Built in 1849, the inn sits in the heart of Jim Thorpe’s quaint historic district. The hotel’s impressive guest book includes visits from Presidents Ulysses S. Grant and William Howard Taft as well as Buffalo Bill Cody, Thomas Edison, and John D. Rockefeller.
Professional spa therapists offer massages, wraps, and face masks at the onsite spa.
Standard and deluxe guest rooms feature Victorian furnishings, and some mini suites are equipped with whirlpools and fireplaces. You can also stay in a guest room at the 55, a newly refurbished Victorian building across the street from the inn.
The onsite Broadway Grille & Pub serves flame-grilled burgers and steaks along with salads, pasta, and sandwiches.
Surrounded by an intricate cast-iron railing, the inn’s balcony is a great spot to read, watch the foot traffic on Broadway, or linger over a cup of coffee.
Jim Thorpe, Pennsylvania: Quaint 19th-Century Town in the Pocono Mountains
Located 80 miles northwest of Philadelphia, Jim Thorpe is a former coal-mining town with an interesting backstory. The town was known as Mauch Chunk until 1953, when residents changed the name to honor legendary athlete Jim Thorpe. The athlete’s body was eventually moved to the town and a humble monument was erected.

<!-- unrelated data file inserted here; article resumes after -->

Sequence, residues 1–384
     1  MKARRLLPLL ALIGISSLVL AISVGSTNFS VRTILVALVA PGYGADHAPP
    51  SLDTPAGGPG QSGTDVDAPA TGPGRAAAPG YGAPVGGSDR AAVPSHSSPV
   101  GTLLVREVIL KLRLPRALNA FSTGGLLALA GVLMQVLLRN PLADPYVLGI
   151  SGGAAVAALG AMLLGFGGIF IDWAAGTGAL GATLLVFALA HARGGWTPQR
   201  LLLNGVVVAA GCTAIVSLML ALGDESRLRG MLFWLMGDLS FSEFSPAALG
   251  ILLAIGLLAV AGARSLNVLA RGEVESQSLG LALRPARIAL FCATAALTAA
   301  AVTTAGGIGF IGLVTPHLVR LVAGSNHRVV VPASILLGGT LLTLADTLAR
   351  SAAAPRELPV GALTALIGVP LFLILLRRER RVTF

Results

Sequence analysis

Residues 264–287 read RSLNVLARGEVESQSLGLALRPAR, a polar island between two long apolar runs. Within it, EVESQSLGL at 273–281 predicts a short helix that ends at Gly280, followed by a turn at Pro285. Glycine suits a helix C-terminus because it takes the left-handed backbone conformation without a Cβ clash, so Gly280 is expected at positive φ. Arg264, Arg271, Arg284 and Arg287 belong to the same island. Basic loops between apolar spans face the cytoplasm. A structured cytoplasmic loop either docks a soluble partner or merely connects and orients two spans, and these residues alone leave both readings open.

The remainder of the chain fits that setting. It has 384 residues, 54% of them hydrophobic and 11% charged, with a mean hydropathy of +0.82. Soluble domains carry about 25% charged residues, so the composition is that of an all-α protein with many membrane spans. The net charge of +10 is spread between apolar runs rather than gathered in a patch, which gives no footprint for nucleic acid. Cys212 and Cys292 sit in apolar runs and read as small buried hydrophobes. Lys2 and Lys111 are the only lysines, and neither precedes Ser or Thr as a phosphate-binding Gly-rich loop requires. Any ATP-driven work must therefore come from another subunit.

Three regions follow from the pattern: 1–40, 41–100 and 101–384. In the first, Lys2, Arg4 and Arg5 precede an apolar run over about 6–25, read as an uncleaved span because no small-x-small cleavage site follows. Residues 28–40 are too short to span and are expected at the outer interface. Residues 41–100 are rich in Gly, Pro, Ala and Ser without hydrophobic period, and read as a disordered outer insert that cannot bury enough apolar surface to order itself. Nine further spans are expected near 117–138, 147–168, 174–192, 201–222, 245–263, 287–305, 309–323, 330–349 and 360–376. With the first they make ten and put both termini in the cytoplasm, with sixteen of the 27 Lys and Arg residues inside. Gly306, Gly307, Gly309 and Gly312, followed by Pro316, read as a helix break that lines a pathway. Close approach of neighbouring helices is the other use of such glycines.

But there’s more to the town than its unusual name. National Geographic’s Adventure magazine named Jim Thorpe one of America’s Best Adventure Towns. Visitors come from all over to go whitewater rafting on the Lehigh River in the summer and cross-country skiing in the Pocono Mountains come winter. Cyclists and hikers flock to the Lehigh Gorge Trail, a 19-mile loop that wends through canyons and past waterfalls.
Back in town, take a stroll down Broadway and West Broadway, where 19th-century buildings house art galleries, boutiques, and traditional pubs. At the Mauch Chunk Museum and Cultural Center, exhibits range from a miniature replica of the Switchback Gravity Railroad to displays of Victorian fashions.